Fall 1987 • Vol. IX No. 4 PoetryOctober 1, 1987 |

Permanence

Those days, I still say. Those daysas clear as light off frost or the not quite magenta,almost red of the peony floating in the silver bowl.Floating, then falling apart, petals jostling silverlike lovely useless boats. Dissolved like salt in water,not lost? My own history settles like fine sediment.I can remember David, my brother, upstairs addingand subtracting. His world shook by negative numbers,that in truth there was something less than zero. He proved iton paper. Don't you believe a thing they say, he warned. Whatyou take away is still there.   In the storm-wet charred remainsof an old tavern, the place some folks said the mob burned downand for good reason, I found —I guess because I was bored,nosy and early to work for my job at All Nations'Capitol Flag and Banner Company—in the rubble,a dead man. Foul play, I thought. But it was just exposure.He'd been there, I learned, for days. A gritty light fell, filteredthrough t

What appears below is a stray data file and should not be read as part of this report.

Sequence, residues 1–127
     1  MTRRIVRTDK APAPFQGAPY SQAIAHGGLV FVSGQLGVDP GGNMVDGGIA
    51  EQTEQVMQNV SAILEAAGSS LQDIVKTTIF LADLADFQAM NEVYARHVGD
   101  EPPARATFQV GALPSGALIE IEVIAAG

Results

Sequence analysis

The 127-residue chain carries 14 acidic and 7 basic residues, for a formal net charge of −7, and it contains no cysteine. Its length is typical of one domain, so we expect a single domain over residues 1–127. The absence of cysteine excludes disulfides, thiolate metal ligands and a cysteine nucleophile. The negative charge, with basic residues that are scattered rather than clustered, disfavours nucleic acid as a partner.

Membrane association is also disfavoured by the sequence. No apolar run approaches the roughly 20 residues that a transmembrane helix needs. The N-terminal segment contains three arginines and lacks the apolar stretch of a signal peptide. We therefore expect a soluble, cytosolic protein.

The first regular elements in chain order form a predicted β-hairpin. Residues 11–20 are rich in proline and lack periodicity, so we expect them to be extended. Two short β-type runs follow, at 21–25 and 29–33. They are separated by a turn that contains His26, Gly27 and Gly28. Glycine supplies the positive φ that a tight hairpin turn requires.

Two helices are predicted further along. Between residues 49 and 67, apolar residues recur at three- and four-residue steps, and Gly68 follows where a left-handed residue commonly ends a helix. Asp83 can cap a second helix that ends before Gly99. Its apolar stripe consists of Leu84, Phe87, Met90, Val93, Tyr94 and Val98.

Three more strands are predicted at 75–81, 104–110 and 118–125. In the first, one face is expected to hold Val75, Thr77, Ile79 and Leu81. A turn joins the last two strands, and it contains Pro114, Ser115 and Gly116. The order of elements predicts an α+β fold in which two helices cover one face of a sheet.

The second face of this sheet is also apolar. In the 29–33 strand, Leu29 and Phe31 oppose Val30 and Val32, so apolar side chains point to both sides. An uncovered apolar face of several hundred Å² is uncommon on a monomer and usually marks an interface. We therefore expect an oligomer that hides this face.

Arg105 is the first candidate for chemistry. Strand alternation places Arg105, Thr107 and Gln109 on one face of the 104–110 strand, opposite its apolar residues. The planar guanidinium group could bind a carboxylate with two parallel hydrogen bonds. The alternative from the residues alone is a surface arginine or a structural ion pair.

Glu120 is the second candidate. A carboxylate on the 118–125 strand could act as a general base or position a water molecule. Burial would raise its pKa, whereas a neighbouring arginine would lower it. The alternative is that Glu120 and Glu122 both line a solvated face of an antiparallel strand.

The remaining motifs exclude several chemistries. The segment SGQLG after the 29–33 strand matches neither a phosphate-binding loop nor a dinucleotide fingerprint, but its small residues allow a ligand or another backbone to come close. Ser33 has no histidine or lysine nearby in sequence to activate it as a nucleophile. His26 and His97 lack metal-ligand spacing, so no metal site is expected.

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Eric Pankey is the author of many collections of poetry, most recently Not Yet Transfigured (Orison Books, 2021). A chapbook called The Future Perfect: A Fugue is forthcoming from Tupelo Press. Pankey is the Heritage Chair in Writing at George Mason University.

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By Eric Pankey

Those days, I still say. Those daysas clear as light off frost or the not quite magenta,almost red of the peony floating in the silver bowl.Floating, then falling apart, petals […]

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